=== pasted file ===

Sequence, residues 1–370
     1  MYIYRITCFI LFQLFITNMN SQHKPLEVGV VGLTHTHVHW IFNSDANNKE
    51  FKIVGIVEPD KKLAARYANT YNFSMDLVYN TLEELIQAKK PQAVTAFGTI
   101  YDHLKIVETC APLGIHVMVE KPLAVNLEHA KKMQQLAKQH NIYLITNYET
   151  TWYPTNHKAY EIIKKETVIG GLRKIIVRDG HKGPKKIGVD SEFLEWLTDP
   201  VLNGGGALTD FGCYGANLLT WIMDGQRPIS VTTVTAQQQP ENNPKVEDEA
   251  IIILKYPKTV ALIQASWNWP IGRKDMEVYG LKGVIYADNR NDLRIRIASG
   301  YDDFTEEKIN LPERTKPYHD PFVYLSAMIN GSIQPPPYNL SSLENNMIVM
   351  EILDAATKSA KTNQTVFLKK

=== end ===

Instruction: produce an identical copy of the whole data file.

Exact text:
Sequence, residues 1–370
     1  MYIYRITCFI LFQLFITNMN SQHKPLEVGV VGLTHTHVHW IFNSDANNKE
    51  FKIVGIVEPD KKLAARYANT YNFSMDLVYN TLEELIQAKK PQAVTAFGTI
   101  YDHLKIVETC APLGIHVMVE KPLAVNLEHA KKMQQLAKQH NIYLITNYET
   151  TWYPTNHKAY EIIKKETVIG GLRKIIVRDG HKGPKKIGVD SEFLEWLTDP
   201  VLNGGGALTD FGCYGANLLT WIMDGQRPIS VTTVTAQQQP ENNPKVEDEA
   251  IIILKYPKTV ALIQASWNWP IGRKDMEVYG LKGVIYADNR NDLRIRIASG
   301  YDDFTEEKIN LPERTKPYHD PFVYLSAMIN GSIQPPPYNL SSLENNMIVM
   351  EILDAATKSA KTNQTVFLKK